I was visiting with a patient who reported that she had yet to started looking into the dietary recommendations that I had made for her. I was curious about what prevented her from moving forward in the recent health goals she had set for herself. So, I asked her about her inner voice and the dialogue that ensues; “What does that voice usually say to you?”. She replied, “That I will fail.” I then inquired where that voice of criticism and fear of failure was coming from and she responded, “From me”. I asked her to go deeper and find out if that voice was a critical one from the past. She immediately said, “From my mother.”
This came from a woman who sat in front of me with flat affect, sunken, downcast eyes, and drawn in shoulders. I asked her, “When was the last time she had felt joy?” She could not remember and replied almost as a question, “Sometime… maybe as a child?”.
I then asked her to start observing her inner dialogue and what it is saying, without judgement or criticism. Just observe. “Be gentle with yourself”, I instructed. With this she started crying and her shoulders relaxed. I also asked her to start practicing being in the present moment and not in the past or the future; in the now. She started laughing with familiarity of being in the former states. We discussed the practice of observing her surroundings and being grateful for the things in her life that give her joy and peace. We looked out the window and I pointed out how I practice being aware of the beauty of nature and, in this case, the deep green lustrous leaves of the holly tree outside my window or the robin sitting on the downed tree branch beside the holly. We discussed taking deep breaths while observing these things and being grateful for our breath and beating heart.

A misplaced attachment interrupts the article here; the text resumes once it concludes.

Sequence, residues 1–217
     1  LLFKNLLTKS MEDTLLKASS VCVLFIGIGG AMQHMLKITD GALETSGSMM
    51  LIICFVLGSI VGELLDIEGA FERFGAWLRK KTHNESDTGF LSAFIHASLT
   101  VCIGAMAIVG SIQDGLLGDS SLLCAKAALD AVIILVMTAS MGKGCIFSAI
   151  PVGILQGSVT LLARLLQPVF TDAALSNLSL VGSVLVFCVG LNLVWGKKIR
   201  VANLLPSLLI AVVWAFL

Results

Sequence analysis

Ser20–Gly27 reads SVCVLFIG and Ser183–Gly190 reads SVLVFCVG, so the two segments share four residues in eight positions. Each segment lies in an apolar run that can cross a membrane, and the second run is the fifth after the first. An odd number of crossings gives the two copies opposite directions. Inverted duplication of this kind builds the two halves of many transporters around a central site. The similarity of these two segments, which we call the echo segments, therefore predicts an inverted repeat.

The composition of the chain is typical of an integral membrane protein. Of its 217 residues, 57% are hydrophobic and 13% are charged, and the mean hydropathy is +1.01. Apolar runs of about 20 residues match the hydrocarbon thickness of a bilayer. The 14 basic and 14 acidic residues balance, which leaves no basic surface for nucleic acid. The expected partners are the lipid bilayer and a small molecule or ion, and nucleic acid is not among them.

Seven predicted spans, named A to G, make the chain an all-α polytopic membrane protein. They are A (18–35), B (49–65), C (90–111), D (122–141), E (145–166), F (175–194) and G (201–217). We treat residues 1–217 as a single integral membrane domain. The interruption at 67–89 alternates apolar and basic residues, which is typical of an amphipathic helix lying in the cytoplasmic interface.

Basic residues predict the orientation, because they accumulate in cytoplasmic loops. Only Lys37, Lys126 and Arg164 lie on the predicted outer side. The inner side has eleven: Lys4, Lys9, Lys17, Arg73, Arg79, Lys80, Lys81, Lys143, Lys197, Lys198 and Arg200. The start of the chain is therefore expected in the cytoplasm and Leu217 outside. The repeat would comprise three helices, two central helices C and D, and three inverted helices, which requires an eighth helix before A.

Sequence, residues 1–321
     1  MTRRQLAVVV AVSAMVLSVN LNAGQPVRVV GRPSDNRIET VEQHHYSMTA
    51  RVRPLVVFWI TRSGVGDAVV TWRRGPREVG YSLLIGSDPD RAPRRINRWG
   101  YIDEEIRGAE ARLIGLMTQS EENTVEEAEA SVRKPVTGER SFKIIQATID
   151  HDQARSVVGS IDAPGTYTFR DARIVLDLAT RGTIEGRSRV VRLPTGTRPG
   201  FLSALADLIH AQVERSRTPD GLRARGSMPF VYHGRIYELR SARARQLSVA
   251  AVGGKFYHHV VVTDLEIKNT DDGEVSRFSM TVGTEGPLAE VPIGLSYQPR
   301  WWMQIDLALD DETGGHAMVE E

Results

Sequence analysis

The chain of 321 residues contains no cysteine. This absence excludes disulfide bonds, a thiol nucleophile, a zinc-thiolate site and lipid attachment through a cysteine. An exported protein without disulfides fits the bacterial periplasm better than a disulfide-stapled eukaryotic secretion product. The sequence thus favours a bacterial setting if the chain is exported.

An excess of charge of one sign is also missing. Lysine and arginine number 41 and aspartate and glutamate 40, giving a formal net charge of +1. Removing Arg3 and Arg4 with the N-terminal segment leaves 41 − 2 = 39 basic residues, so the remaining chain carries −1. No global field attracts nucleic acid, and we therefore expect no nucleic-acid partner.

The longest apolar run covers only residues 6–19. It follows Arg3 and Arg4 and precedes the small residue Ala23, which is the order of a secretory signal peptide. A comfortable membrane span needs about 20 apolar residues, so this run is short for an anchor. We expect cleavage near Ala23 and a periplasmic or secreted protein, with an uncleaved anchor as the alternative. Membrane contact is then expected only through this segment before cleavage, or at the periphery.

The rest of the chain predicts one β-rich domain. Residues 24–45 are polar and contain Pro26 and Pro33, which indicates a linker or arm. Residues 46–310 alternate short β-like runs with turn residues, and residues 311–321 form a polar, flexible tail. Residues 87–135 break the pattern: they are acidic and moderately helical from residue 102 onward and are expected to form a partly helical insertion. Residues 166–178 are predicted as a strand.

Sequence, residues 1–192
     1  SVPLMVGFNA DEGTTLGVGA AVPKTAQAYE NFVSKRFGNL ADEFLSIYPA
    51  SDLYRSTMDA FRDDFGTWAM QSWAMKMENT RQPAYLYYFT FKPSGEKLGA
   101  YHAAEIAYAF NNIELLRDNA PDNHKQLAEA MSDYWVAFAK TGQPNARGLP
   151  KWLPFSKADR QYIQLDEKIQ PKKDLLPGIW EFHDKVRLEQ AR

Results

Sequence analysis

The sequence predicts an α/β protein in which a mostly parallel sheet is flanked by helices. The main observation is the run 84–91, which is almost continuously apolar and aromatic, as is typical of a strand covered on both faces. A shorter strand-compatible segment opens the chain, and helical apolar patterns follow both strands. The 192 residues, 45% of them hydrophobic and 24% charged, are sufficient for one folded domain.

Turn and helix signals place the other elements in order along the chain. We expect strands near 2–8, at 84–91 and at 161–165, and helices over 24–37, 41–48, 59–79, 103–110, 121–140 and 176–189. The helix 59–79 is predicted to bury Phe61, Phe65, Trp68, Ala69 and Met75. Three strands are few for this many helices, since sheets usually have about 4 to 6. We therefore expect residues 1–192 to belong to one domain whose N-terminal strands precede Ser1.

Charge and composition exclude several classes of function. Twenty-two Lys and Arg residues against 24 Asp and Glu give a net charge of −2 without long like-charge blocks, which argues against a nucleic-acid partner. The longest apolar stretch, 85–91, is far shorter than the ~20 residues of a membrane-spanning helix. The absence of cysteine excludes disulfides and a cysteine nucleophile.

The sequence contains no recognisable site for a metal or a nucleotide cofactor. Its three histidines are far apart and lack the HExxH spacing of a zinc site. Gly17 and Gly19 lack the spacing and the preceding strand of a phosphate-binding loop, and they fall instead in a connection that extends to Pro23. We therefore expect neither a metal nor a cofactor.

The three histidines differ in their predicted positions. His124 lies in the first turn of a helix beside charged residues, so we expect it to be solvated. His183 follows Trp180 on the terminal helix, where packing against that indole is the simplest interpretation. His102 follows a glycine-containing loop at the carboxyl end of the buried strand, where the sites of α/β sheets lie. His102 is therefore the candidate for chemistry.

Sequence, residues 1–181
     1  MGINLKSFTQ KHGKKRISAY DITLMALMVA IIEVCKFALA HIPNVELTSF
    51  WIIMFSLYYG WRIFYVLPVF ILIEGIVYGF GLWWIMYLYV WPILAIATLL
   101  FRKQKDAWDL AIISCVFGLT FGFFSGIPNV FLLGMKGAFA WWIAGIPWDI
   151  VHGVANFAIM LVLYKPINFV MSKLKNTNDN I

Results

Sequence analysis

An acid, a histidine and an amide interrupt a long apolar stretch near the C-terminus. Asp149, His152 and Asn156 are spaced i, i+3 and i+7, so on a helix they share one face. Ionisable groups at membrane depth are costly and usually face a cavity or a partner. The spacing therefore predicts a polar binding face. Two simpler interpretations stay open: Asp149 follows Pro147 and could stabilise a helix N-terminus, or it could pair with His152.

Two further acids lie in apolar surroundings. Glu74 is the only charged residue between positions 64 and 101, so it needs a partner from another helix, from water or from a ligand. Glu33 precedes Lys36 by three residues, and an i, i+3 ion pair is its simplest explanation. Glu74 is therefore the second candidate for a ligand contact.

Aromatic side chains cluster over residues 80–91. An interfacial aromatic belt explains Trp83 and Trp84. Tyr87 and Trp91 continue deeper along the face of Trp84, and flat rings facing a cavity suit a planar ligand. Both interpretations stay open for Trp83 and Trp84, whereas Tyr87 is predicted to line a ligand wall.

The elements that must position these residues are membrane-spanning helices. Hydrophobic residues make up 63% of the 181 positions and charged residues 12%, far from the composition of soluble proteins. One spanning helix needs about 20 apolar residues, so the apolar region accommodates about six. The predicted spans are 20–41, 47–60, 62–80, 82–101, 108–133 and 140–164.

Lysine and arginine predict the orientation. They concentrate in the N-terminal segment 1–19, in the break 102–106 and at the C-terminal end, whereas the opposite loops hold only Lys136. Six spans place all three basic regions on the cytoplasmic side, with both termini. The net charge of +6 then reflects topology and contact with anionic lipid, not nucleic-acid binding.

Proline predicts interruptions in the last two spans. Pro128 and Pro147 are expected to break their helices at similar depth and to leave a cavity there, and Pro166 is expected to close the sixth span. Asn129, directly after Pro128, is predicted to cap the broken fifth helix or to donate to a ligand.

I visited with her about finding and seeing that deep inner beauty that makes her uniquely her. The light within which brings her peace and joy, that is free from judgement, criticism, and fear of failure. We discussed that through observation of her inner dialogue (her minds chatter processing past, present and future) and becoming aware that this was not her true, deep self, she could then distinguish herself from her mind and begin hearing her true inner self. This would be her state of perpetual joy.
I love the quote, “Joy is not the absence of suffering, but the presence of God.” It is my experience and observation that becoming truly aware of this stream of infinite energy, creativity and life, that peace and joy can exist deep within.
Anna Colombini, ND